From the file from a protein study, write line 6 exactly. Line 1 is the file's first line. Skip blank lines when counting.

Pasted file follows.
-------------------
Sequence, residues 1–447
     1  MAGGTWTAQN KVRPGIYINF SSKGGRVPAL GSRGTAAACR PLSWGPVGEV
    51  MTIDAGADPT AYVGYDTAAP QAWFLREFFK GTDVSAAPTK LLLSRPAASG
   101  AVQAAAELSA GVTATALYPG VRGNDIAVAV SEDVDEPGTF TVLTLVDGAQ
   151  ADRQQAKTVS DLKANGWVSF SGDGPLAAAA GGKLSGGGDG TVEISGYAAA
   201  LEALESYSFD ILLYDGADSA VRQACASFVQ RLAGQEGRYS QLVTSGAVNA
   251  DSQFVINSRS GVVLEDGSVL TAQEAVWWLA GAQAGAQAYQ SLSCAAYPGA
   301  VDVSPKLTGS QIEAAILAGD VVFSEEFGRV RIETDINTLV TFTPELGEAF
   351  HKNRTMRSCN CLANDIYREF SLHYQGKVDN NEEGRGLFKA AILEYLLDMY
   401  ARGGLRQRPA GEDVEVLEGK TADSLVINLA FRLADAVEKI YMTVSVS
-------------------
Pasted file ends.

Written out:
   201  LEALESYSFD ILLYDGADSA VRQACASFVQ RLAGQEGRYS QLVTSGAVNA